Apr 20, 2010

The taste of tea shines through

In 1872 the Urasenke 11th generation Grand Tea Master, Gengensai, submitted a formal letter of protest to the Meiji government, the Chado no Gen’i (the  basic idea of the way of tea), objecting to the government’s move to classify chanoyu as a mere “pastime” or “entertainment.”

The original intent of the Way of Tea is to instill loyalty, filial piety, and the Five Constant Virtues (benevolence, sincerity, righteousness, wisdom and trust),  to uphold modesty, propriety and frugality; to encourage the unflagging fulfillment of one’s allotted role in family affairs; to promote service toward peace and well-being of the realm; to have people treat one another with no distinctions of closeness or distance, wealth or poverty; and revere divine providence for the sake of the health and longevity of generations to come.  Because tea is a path with these tenets, strictly and formally regulated, tea gatherings must be recognized as the sincerest form of activity that can be performed without harming the five parts of the body.  The import of all these ideas is present within even the humblest thin-tea service.

Not in clothing, food, or shelter,
Nor in utensils or gardens –
No excess of any kind,
So that by sincere practice
The taste of tea shines through.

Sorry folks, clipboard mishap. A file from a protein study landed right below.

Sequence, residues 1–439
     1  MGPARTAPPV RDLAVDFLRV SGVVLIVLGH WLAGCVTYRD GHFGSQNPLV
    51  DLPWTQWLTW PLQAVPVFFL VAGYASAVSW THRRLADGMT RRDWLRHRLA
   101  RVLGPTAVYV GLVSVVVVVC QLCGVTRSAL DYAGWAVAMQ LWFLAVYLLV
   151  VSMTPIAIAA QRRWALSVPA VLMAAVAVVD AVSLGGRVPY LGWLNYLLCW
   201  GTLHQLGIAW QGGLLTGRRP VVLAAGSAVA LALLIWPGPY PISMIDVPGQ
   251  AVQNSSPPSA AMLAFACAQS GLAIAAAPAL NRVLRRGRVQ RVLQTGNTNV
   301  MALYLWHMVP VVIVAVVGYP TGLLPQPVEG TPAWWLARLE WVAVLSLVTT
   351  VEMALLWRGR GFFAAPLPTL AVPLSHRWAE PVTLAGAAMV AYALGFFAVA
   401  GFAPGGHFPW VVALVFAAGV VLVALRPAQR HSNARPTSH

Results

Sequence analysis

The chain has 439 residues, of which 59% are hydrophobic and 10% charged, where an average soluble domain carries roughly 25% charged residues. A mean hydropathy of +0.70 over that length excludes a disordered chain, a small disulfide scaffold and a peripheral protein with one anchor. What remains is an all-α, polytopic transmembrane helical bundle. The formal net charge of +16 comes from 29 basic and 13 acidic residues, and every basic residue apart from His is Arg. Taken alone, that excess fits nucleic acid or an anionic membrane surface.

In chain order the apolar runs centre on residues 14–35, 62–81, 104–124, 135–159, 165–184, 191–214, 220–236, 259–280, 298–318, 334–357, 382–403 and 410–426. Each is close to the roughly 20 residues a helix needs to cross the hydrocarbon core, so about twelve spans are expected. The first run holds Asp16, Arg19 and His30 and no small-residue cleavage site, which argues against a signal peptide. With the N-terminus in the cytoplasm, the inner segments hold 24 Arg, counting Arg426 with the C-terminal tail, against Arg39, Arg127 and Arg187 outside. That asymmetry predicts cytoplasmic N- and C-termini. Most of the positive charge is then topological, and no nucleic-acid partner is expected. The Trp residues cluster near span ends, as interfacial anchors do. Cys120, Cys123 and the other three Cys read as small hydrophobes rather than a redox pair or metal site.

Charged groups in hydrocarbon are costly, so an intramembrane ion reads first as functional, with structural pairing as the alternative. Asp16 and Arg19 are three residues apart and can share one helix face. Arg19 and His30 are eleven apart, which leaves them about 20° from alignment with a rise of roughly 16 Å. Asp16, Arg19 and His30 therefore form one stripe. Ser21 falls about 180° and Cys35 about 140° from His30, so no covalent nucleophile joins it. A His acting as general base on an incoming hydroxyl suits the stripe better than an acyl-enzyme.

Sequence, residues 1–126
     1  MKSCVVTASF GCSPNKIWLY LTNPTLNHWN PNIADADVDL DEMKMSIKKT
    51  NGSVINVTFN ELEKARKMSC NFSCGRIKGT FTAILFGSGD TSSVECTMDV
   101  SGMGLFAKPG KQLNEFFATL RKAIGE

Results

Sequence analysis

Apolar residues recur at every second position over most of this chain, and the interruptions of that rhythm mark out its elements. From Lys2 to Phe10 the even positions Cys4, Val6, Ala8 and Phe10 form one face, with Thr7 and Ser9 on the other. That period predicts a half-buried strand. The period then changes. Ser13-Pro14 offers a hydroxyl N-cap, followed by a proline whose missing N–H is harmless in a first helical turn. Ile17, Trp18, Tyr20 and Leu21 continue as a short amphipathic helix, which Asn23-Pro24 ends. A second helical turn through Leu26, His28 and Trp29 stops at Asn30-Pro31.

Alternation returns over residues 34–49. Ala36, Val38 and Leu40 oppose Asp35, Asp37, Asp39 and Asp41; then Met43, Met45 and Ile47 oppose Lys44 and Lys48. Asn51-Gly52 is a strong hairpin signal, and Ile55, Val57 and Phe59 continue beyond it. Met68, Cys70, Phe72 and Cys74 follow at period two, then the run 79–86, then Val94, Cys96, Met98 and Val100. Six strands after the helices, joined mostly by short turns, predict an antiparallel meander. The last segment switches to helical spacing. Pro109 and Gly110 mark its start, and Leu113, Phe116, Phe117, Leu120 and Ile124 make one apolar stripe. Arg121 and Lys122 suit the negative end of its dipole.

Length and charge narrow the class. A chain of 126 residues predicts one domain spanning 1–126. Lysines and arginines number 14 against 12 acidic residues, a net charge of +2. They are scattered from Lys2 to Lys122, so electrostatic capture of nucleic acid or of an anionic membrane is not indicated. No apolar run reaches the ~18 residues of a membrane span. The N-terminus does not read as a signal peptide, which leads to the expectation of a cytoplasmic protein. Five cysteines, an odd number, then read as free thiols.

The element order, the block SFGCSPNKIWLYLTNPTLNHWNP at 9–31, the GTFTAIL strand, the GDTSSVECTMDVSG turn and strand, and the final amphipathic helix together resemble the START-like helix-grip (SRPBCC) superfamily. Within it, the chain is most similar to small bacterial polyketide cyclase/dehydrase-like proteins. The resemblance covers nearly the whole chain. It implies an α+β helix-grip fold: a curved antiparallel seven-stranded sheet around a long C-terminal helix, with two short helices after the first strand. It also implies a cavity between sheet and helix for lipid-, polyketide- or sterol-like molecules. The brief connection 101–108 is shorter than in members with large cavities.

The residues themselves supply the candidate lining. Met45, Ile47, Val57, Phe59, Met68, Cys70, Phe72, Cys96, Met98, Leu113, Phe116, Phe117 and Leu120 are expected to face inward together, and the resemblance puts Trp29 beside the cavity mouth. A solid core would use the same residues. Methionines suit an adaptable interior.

This statement won chanoyu official recognition as a true discipline and paved the way for Chado in the modern era.


  1. I'm currently reading The Tea Ceremony and Women's Empowerment in Modern Japan: Bodies Re-Presenting the Past by Etsuko Kato, and she has a slightly different take on this story.

    In the context of the Meiji Restoration, after which old systems were banned and there was wholesale importation of systems from the West, "traditional Japanese culture, including the tea ceremony, came to be despised as obsolete and useless, and suffered a great loss of practitioners."

    Here she quotes Kamakura (1980):

    "In 1872, Gengensai . . . submitted a written protest to the local government of Kyoto, which attempted to brand all the iemoto of traditional cultural activities as 'money makers out of amusement' (yuugei kaseginin) and to levy a tax on them. In the protest [he] championed the tea ceremony as a means of nurturing numerous virtues valued at that time: Confucian morals, thrift, conformity to one's position, diligence in family business, gratitude to the Emperor for his peaceful ruling and so on."

    Kato points out that the Sen family made efforts to "re-dignify" the tea ceremony by emphasizing its relationship with the Emperor and religious institutions. She continues:

    "The efforts the iemoto made were rewarded at the turn of the twentieth century, when Japan's successive victories in the Sino-Japanese War . . . and Russo-Japanese War . . . enshrined nationalism. This trend led the general public to reevaluate 'traditional' culture, and the tea ceremony came to be valued as part of it."

    It's a very interesting book that challenges some of the myths of tea ceremony and examines its different meanings for men (as art) and women (as sahou).

  2. Nick,
    Very interesting. Thank you for posting this. I will have to get this book and read it also. I always want to find out more about Chado.